The construction phase of the new downtown performing arts center is officially underway — a major milestone for a project that has been years in the making and seen its share of controversy.
“We are proceeding with construction of the performing arts center here in Nashua. We were able to secure all the financing necessary,” said Tim Cummings, economic development director for the city.
The former Alec’s Shoe store building at 201 Main St. will soon be demolished to pave way for the $25 million theater complex.
“We will start construction in earnest in the next two months or so. You will see some light demolition over the next two months and then heavy demolition in and around March,” Cummings said.
Construction should take about a year-and-a-half, with the building open for the summer of 2022, he said.
Aldermen initially OK’d a $15.5 million bond for the arts center. In October the board approved an additional $5.5 million bond for the project — a request that was not supported by all of the city aldermen. An additional $4 million in private donations and tax credits was also required.
“People were hardly overwhelmingly in favor of this when, at the time, it was a $15.5 million project. Now it is a $25 million project,” Alderman Ernest Jette said in October.
Rich Lannan, president of Nashua Community Arts, said an attached, four-story red brick building along West Pearl Street will remain standing and be used for a section of the arts center.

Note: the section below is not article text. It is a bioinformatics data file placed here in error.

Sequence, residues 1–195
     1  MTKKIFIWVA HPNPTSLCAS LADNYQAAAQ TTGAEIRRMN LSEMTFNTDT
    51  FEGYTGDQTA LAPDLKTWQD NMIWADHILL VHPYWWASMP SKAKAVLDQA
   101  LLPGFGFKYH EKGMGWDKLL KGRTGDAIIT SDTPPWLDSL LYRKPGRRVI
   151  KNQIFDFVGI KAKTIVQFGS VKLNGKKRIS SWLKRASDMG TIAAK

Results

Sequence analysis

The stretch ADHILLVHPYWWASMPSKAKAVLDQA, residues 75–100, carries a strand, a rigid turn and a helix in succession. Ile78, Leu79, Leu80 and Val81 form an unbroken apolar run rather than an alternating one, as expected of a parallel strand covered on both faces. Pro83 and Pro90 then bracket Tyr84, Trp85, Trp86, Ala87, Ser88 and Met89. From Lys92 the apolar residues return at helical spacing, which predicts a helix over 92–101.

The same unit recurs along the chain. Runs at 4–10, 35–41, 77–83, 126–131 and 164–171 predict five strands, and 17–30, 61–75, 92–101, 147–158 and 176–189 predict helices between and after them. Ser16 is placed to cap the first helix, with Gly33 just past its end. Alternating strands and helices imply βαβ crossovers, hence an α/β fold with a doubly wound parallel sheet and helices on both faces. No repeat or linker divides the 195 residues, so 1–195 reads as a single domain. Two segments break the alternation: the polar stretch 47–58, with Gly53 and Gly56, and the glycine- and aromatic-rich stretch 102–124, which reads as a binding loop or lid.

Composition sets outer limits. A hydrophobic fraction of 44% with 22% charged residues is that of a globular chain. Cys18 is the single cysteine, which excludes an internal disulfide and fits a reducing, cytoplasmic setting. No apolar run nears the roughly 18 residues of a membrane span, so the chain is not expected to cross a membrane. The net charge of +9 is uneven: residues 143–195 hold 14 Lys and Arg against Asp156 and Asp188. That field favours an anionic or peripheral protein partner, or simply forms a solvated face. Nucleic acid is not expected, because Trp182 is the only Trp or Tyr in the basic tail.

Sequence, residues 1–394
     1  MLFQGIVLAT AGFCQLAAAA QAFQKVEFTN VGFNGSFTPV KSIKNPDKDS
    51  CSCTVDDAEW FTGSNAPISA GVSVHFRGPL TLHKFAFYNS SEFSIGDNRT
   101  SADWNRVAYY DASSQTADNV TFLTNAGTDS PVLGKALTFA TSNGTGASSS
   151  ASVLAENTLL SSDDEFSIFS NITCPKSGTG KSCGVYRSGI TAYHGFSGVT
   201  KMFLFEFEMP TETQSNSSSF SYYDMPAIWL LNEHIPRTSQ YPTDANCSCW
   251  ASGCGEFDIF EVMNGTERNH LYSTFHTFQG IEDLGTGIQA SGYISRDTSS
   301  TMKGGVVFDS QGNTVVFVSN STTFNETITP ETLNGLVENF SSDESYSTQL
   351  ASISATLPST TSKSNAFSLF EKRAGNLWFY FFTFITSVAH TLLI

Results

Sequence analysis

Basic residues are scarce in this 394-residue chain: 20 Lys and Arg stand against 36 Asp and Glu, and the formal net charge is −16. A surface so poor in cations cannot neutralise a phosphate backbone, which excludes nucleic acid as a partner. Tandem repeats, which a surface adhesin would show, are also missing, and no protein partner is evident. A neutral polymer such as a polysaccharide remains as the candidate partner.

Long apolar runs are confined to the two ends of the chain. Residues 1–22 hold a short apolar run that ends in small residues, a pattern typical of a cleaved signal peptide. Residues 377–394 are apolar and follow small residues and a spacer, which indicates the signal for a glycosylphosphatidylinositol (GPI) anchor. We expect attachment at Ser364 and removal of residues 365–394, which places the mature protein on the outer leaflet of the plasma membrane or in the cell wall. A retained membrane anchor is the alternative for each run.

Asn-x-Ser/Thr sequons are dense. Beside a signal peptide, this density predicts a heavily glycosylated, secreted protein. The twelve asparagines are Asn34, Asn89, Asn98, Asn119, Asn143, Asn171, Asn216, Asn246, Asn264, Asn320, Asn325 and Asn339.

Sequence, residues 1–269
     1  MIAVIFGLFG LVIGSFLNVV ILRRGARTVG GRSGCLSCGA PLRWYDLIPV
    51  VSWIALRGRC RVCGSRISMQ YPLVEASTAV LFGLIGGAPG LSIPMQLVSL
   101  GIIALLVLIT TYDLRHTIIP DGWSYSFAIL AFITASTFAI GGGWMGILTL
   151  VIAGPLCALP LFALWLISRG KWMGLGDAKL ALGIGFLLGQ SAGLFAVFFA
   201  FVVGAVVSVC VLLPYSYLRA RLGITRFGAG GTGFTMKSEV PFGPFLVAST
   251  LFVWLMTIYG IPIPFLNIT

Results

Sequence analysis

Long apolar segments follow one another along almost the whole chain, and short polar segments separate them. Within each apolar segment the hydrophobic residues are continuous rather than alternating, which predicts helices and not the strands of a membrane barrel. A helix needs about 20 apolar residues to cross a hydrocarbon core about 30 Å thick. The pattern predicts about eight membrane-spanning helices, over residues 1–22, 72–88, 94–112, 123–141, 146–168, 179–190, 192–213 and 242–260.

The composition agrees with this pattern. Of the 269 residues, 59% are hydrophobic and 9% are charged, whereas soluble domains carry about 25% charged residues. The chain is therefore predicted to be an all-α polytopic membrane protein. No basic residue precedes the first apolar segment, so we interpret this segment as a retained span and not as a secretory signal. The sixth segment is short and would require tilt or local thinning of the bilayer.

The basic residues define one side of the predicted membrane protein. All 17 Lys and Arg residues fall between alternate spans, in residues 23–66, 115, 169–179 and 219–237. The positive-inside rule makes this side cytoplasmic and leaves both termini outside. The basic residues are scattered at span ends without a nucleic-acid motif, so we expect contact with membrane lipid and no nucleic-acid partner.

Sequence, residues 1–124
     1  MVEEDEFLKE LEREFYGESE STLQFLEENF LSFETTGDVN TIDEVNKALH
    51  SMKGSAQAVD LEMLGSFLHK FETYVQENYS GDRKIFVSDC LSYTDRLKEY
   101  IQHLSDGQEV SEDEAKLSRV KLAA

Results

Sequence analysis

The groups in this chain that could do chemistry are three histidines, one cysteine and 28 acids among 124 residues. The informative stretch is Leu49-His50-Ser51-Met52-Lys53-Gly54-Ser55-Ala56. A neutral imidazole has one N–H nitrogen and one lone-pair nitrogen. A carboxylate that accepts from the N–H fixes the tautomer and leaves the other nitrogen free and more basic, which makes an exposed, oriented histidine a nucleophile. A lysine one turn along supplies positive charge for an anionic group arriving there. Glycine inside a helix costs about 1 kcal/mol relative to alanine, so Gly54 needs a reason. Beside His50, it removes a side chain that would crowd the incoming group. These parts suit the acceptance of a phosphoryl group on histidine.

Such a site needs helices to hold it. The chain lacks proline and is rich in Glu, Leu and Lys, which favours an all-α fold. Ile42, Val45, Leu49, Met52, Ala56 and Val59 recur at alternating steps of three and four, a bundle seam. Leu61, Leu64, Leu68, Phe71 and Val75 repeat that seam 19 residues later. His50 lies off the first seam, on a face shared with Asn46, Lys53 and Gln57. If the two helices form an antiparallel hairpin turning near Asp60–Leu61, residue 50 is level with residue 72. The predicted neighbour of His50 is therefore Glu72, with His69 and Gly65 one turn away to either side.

Harvey Construction has been hired for the project, according to Lannan, who said a significant amount of utility work must be completed first. He said about 200 donors have contributed to the project; the public portion of the fundraising campaign was launched at the end of last year.
“We are very excited,” Lannan said. “It was a lot of hard work from a lot of people and City Hall to get to this stage.”
Mascoma Community Development announced Friday that it recently closed on a New Markets Tax Credit allocation of $2.466 million for the development of the arts center, which will be operated by Spectacle Management.
“Nashua’s new performing arts center will serve as a vital source for attracting visitors to Nashua, as well as amplify the growth of the city’s downtown and the creative economy in the region,” Dick Jennings, managing director of Mascoma Community Development, said in a news release.
Mayor Jim Donchess said in a statement that the tax credit funding ensures that the arts center will become a reality.
“Nashua’s performing arts center will help us build a stronger downtown economy, support our city’s creative community and enhance the experience of spending time in our downtown,” Donchess said, thanking Mascoma Community Development for working with the city on the project.